Amniotic fluid embolism (AFE) is a rare obstetric emergency in which amniotic fluid, fetal cells, hair, or other debris enters the mother's blood stream via the placental bed of the uterus and trigger an allergic reaction. This reaction then results in cardiorespiratory (heart and lung) collapse and coagulopathy. Amniotic fluid embolism (AFE) is a pregnancy complication that causes life-threatening conditions, such as heart failure. It can affect you, your baby, or both of you.
The first stage of AFE usually includes cardiac arrest and rapid respiratory failure. Cardiac arrest occurs when your heart stops working and you lose consciousness and stop breathing. Rapid respiratory failure occurs when your lungs cannot supply enough oxygen to your blood or remove enough carbon dioxide from it.Treatment involves managing symptoms and preventing AFE from leading to coma or death. Oxygen therapy or a ventilator can help you breathe. Making sure that you are getting enough oxygen is crucial so that your baby also has enough oxygen.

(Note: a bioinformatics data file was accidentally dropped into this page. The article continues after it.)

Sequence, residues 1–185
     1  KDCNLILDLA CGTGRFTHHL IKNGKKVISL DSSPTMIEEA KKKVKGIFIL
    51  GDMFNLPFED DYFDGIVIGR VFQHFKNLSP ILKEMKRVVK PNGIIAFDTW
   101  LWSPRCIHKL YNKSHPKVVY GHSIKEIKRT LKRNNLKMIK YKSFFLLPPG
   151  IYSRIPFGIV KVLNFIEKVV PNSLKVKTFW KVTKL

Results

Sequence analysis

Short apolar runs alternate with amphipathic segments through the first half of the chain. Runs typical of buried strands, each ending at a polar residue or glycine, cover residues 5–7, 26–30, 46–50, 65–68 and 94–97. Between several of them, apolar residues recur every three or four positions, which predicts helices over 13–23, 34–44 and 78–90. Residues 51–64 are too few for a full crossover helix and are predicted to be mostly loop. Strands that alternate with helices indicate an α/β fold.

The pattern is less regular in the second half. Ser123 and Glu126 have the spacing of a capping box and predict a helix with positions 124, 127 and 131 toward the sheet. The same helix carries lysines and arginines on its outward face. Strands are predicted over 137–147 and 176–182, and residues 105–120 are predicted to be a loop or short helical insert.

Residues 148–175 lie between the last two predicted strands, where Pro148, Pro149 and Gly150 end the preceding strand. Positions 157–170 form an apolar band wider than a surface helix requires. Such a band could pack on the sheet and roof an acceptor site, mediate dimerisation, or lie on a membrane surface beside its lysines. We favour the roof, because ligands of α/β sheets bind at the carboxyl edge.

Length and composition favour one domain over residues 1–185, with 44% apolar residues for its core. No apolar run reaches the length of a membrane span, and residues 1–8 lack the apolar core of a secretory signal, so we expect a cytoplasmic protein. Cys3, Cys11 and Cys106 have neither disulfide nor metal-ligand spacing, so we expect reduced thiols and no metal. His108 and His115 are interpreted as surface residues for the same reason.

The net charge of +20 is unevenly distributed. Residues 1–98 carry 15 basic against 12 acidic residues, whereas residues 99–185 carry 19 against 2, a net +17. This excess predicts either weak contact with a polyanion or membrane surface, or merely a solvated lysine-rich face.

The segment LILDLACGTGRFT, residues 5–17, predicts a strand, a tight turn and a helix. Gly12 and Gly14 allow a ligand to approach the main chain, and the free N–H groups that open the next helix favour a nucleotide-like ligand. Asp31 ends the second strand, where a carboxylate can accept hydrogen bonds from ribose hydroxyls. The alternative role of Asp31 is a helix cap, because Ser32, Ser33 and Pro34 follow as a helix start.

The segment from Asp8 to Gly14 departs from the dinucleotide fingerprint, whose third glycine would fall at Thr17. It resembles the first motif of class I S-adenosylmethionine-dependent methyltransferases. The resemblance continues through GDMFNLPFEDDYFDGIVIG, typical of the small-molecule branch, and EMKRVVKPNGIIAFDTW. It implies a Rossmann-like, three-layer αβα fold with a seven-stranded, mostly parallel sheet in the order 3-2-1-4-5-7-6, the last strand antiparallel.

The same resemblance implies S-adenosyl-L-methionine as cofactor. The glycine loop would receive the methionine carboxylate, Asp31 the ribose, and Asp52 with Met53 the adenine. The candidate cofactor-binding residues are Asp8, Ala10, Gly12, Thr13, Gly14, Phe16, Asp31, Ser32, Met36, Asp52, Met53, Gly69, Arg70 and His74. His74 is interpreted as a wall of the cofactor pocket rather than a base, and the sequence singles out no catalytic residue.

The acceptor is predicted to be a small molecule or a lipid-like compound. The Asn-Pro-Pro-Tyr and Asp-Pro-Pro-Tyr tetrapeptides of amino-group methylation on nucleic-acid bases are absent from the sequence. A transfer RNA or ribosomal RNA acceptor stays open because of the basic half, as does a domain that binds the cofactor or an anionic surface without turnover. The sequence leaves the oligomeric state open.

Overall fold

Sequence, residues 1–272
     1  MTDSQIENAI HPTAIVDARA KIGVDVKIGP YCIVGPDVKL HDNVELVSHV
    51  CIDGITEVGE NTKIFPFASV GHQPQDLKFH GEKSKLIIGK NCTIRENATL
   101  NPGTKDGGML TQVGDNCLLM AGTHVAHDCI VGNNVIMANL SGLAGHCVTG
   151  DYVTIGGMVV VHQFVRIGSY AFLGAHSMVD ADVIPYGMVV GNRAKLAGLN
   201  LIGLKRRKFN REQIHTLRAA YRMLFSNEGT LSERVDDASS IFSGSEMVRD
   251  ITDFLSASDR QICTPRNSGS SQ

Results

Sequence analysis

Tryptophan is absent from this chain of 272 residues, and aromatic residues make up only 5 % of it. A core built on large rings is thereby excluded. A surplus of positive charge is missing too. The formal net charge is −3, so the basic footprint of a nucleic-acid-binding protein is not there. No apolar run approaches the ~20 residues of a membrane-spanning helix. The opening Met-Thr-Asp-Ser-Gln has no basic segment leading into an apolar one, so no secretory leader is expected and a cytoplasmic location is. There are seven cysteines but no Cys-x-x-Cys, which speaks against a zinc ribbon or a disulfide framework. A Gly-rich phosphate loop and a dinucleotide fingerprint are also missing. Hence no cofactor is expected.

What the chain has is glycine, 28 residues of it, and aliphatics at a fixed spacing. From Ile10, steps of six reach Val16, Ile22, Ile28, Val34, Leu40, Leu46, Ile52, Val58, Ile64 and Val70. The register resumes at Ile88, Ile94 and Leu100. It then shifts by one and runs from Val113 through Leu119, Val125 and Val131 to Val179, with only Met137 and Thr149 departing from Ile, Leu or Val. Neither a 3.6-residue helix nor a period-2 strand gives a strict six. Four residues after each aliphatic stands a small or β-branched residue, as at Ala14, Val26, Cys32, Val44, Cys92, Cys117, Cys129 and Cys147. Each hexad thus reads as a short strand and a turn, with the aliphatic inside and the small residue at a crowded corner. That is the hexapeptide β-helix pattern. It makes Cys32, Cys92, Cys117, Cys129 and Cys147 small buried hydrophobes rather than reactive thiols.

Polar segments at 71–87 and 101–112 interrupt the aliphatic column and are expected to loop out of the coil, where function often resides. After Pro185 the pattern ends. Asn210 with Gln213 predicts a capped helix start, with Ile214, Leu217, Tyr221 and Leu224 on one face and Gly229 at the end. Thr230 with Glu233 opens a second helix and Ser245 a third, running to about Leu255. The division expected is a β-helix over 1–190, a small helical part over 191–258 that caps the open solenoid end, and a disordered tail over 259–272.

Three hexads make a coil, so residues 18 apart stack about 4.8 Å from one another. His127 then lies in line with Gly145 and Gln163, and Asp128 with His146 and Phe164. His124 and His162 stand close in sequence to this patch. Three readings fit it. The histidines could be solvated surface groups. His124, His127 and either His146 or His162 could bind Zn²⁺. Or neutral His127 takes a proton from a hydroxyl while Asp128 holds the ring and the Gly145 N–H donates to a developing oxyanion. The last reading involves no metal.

Over the five years 2006-2010, there were 99 maternal deaths in Australia according to the report, Maternal deaths in Australia 2006-2010. This equates to a rate of 6.8 deaths per 100,000 women who gave birth in Australia. While lower than the rates for the previous three year reporting period 2003-2005 (8.4 deaths per 100,000 women who gave birth), and 2000-2002 (11.1 deaths per 100,000 women who gave birth), trends should be interpreted with caution due to the small numbers and the rare occurrence of these deaths.